Background: Hypoxia effects on pulmonary artery structure and function are key to diseases such as pulmonary hypertension. Recent studies suggest that growth factors called neurotrophins, particularly brain-derived neurotrophic factor (BDNF), can influence lung structure and function, and their role in the pulmonary artery warrants further investigation. In this study, we examined the effect of hypoxia on BDNF in humans, and the influence of hypoxia-enhanced BDNF expression and signaling in human pulmonary artery smooth muscle cells (PASMCs).
Methods and results: 48h of 1% hypoxia enhanced BDNF and TrkB expression, as well as release of BDNF. In arteries of patients with pulmonary hypertension, BDNF expression and release was higher at baseline. In isolated PASMCs, hypoxia-induced BDNF increased intracellular Ca2+ responses to serotonin: an effect altered by HIF1α inhibition or by neutralization of extracellular BDNF via chimeric TrkB-Fc. Enhanced BDNF/TrkB signaling increased PASMC survival and proliferation, and decreased apoptosis following hypoxia.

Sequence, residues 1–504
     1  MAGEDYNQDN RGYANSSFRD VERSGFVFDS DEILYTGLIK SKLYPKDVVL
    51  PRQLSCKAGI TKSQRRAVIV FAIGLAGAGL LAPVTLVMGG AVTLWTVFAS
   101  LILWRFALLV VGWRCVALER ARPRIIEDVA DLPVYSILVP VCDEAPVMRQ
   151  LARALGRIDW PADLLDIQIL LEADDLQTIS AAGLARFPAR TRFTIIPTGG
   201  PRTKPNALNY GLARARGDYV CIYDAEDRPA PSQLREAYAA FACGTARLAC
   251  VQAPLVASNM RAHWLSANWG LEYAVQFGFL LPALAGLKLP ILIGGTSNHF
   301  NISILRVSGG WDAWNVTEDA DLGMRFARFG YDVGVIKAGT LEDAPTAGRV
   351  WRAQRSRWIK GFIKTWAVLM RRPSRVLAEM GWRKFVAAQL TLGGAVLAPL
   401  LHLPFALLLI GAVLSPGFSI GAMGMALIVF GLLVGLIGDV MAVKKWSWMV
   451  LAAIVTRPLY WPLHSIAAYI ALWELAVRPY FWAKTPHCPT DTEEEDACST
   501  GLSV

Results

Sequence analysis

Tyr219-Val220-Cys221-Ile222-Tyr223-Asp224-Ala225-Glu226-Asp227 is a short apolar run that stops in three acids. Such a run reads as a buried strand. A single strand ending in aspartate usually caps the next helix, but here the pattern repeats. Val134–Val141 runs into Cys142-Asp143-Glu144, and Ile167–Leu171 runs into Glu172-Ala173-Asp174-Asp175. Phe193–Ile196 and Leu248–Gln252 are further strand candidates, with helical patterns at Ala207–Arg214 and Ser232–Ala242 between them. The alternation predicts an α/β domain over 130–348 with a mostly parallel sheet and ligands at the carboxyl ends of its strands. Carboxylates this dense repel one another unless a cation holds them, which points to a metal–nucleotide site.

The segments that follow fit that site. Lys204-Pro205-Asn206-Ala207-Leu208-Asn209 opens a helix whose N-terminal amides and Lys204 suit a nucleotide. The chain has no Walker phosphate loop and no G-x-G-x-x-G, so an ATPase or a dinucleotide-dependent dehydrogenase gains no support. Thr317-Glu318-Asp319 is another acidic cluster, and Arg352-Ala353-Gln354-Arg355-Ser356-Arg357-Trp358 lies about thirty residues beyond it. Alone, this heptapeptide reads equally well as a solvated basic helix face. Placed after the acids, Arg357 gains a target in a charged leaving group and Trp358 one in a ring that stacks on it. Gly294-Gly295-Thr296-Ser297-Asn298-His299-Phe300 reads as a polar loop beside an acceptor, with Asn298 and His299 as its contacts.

Conclusions: Enhanced expression and signaling of the BDNF-TrkB system in PASMCs is a potential mechanism by which hypoxia can promote changes in pulmonary artery structure and function. Accordingly, the BDNF-TrkB system could be a key player in the pathogenesis of hypoxia-induced pulmonary vascular diseases, and thus a potential target for therapy.